Example of resulting HTML from one item:

<div class="tweet">
  <p>I wish position: relative; worked for table cells =P</p>
  <p>1 day ago</p>

Now that's more like it! We can use our CSS skillz to style that up however we want. Like this perhaps:

.tweet { 
   padding: 10px; 
   margin: 5px 0; 
   background: url(images/transpOrange25.png);

Extending The Idea

Let's make three div's on our page, one for Flickr, one for Twitter and one for ScrnShots. Then we'll use our jQuery + JSON technique to fill them up.

Base HMTL:

	<div id="page-wrap">

		<div id="flickr">
			<h1>Flickr Photos</h1>
		<div id="twitter">
			<h1>Twitter Updates</h1>
		<div id="scrnshots">
			<h1>Latest ScrnShots</h1>

Now heres the jQuery to pull in and append all the data from all three services:

<script type="text/javascript" src="js/jquery-1.2.6.min.js"></script>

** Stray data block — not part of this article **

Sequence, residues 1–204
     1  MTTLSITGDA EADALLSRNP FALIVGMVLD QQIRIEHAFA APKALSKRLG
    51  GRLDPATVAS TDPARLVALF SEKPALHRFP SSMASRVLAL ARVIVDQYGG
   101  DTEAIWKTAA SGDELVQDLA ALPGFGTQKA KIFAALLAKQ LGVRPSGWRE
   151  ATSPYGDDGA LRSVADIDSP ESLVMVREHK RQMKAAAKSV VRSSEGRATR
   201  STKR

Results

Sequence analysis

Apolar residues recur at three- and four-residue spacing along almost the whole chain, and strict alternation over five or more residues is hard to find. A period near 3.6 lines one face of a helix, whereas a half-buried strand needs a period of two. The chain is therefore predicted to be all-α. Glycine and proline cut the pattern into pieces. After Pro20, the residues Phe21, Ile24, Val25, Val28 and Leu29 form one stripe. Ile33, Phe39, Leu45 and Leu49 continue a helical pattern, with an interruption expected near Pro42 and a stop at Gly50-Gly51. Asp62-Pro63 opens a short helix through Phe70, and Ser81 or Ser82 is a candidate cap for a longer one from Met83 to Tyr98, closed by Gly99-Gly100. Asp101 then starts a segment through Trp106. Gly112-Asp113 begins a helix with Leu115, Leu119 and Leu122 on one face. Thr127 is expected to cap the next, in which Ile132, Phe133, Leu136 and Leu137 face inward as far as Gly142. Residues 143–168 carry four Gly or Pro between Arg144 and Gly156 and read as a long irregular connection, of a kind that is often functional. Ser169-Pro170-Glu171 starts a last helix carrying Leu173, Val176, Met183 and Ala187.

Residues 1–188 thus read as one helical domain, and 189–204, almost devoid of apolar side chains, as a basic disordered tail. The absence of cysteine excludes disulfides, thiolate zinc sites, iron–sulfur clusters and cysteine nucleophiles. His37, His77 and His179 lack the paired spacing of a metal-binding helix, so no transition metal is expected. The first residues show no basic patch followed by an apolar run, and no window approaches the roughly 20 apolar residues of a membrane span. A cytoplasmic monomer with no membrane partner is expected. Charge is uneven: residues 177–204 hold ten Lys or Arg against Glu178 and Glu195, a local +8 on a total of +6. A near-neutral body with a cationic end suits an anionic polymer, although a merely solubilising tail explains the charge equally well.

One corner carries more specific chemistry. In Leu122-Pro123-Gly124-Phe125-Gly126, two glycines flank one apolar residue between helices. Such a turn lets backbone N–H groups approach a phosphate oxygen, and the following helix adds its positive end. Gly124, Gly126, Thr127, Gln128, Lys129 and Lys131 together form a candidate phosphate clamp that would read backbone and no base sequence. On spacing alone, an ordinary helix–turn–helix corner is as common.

<script type="text/javascript">

	$.getJSON("", function(data){
	  $.each(data.items, function(index, item){
		  .wrap("<a href='" + + "'></a>");
	$.getJSON('', function(data){
		$.each(data, function(index, item){
			$('#twitter').append('<div class="tweet"><p>' + item.text.linkify() + '</p><p>' + relative_time(item.created_at) + '</p></div>');
	$.getJSON("", function(screenshots){
		$.each(screenshots, function(index, screenshot){
			$("#scrnshots").append("<a href='" + screenshot.url + "'><img src='" + screenshot.images.small + "' /></a>");



Cleaning Up Twitter

Two little problems with the "raw" data the Twitter API spits out.

  • Links come in "dead". The full URL is there, but it's just text, not a real anchor link.
  • The date comes in as an ugly timestamp, not nice human-readable text like "2 days ago".

Two little javascript functions I dug up to deal with these problems.


String.prototype.linkify = function() {